Microbial Communities in Floodplain Soils Remain Unchanged Throughout Seasonal Redox and Water Table Flux
Fine-grained sediments appear to host distinct microbial groups that are stimulated through water table rise and fall throughout the season.
Microbial communities play a crucial role in environmental systems, mediating biogeochemical reactions through metabolic processes that can vary depending on environmental conditions. Understanding these metabolic shifts is particularly important in soils closely connected to groundwater and surface water (e.g., those in floodplains), where redox transformations can determine whether contaminants are sequestered or mobilized. This study characterized microbial community diversity at the uranium- and molybdenum-contaminated Riverton, Wyo., site from spring to fall across multiple depths. Results indicate that communities are surprisingly stable over time, despite extreme seasonal geochemical changes (redox inversion) and hydrological changes (flood to drought). This finding suggests that these microorganisms oscillate between “active” and “dormant,” depending on current environmental conditions, and the products of their metabolism play a greater role in contaminant mobility than the organisms themselves. Future studies to investigate metabolic capacity and activity through metagenomic and metatranscriptomic sequencing will support further integration of hydrological, geochemical, and microbial data into models and other knowledge of contaminant transport and mobility.
Biogeochemical changes in the subsurface are driven primarily through microbial life and microbes’ metabolic responses to environmental conditions around them. Soil moisture content, which varies throughout the season from spring flooding to summer drought, profoundly influences microbial communities and the availability of molecular oxygen (O2), thus affecting soil redox conditions and water quality. Microbial responses to hydrological changes therefore comprise keystone functionalities within subsurface ecosystems; however, it is not fully understood how large changes in soil moisture and O2 impact subsurface microorganisms themselves or their metabolism. In this study, surprisingly, microbial communities did not change significantly during seasonal flood-to-drought transitions. Rather, the research team found that depth within the soil profile and soil horizon characteristics were the strongest factors determining microbial diversity. These results provide insight into the complexity of coupling (or decoupling) microbial and geochemical trends in floodplain soils over space and time. For example, seasonal changes in soil moisture apparently are not sufficiently prolonged to displace established microbial groups.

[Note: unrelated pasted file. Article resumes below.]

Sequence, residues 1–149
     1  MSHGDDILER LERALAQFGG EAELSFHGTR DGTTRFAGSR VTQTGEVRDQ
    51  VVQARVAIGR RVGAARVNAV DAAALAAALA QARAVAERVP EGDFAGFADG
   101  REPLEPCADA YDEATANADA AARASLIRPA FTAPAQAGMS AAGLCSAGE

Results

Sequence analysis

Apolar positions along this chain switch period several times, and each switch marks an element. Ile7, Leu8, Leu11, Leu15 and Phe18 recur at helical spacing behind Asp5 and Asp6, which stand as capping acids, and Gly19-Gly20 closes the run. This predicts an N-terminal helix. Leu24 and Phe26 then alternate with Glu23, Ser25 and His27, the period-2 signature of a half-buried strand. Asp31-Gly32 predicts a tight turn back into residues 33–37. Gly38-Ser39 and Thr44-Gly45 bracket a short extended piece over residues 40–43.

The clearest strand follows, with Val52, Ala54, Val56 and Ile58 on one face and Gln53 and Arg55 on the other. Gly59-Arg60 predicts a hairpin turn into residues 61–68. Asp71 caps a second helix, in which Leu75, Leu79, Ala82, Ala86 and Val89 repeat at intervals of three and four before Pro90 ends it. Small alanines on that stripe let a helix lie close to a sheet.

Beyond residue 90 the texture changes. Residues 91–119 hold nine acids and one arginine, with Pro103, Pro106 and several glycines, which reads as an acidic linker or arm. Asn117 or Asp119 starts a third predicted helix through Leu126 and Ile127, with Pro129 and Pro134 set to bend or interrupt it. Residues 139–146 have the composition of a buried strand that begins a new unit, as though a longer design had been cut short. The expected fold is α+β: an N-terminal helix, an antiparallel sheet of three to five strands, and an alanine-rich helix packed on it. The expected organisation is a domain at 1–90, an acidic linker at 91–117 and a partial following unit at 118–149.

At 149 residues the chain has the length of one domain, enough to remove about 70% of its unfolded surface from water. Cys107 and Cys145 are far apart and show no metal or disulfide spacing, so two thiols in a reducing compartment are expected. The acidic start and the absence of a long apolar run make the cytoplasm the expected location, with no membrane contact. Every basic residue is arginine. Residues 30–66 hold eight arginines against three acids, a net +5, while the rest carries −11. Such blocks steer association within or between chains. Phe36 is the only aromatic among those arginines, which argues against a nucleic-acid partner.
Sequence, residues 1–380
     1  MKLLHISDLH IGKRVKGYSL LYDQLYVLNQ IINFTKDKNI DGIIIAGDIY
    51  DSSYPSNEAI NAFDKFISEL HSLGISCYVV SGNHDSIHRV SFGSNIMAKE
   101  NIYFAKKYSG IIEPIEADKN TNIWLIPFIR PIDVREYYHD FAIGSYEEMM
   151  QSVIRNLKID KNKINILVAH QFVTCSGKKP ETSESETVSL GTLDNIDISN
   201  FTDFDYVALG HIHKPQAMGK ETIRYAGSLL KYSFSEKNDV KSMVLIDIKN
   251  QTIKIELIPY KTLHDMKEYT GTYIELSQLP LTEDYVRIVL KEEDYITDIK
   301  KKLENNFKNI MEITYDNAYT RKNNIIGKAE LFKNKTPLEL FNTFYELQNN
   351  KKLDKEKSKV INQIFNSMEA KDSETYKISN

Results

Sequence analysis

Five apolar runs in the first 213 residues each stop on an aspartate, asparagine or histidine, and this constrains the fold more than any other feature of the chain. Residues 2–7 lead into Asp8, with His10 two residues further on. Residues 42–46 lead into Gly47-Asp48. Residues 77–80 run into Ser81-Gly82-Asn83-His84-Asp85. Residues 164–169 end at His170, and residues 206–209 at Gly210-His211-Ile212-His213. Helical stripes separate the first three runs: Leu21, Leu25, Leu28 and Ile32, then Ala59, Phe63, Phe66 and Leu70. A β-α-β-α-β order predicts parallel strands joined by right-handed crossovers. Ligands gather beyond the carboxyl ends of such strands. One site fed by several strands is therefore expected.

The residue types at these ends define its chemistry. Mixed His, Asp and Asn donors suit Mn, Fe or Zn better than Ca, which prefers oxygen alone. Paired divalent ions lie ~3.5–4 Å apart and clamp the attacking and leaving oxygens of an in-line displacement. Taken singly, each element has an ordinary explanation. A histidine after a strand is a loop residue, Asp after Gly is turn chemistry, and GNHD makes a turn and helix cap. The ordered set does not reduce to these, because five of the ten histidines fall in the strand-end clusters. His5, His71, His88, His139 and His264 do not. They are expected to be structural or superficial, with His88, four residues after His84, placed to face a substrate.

Riparian floodplains are important regions, given the connectivity of groundwater with river water, biodiversity, presence of contaminants, and capacity to generate and recycle nutrients. In a given year, these floodplains experience changes in precipitation, river discharge (including flooding), and water content (including drought), all of which impact water quality. For example, in the western United States, the U.S. Department of Energy (DOE) manages several former uranium ore–processing floodplain sites, where contaminant concentrations change in response to changing sediment moisture and season. There is a need to understand how hydrology, geochemistry, and microbiology interact to drive these changes. In this study, the team collected floodplain soil samples through a full growing season at the uranium-contaminated Riverton, Wyo., DOE legacy site. These samples were analyzed for key geochemical species, water content, and microbial diversity through community DNA analysis. Findings showed that, despite clear seasonal shifts in geochemical and redox conditions corresponding to changes in hydrological conditions (e.g., flood and drought), microbial community diversity remained largely unaffected. The same microbial groups were present at a given depth throughout the year, indicating their ability to persist despite environmental change. The team did, however, observe slight differences in soil surrounding fine-grained, organic-rich layers (referred to as “transiently reduced zones,” or TRZs). This finding agrees with previously observed export of reducing conditions from TRZs but adds information about how these exports may also impact microbial diversity in adjacent soil layers through water table fluctuations. The results suggest that TRZ soil layers are even more important to floodplain functions than presumed by commonly observed redox transformations, because stable microbial communities drive geochemical changes while remaining relatively unchanged themselves.
Funding was provided by the Subsurface Biogeochemical Research (SBR) program of the Office of Biological and Environmental Research, within the U.S. Department of Energy (DOE) Office of Science, to the SLAC National Accelerator Laboratory Science Focus Area project under contract DE-AC02-76SF00515. Use of the Stanford Synchrotron Radiation Laboratory (SSRL) at SLAC is supported by the Office of Basic Energy Sciences, within the DOE Office of Science.
Tolar, B.B., Boye, K., Bobb, C. et al. “Stability of floodplain subsurface microbial communities through seasonal hydrological and geochemical cycles.” Frontiers in Earth Science – Biogeoscience 8, 338 (2020).[DOI:10.3389/feart.2020.00338].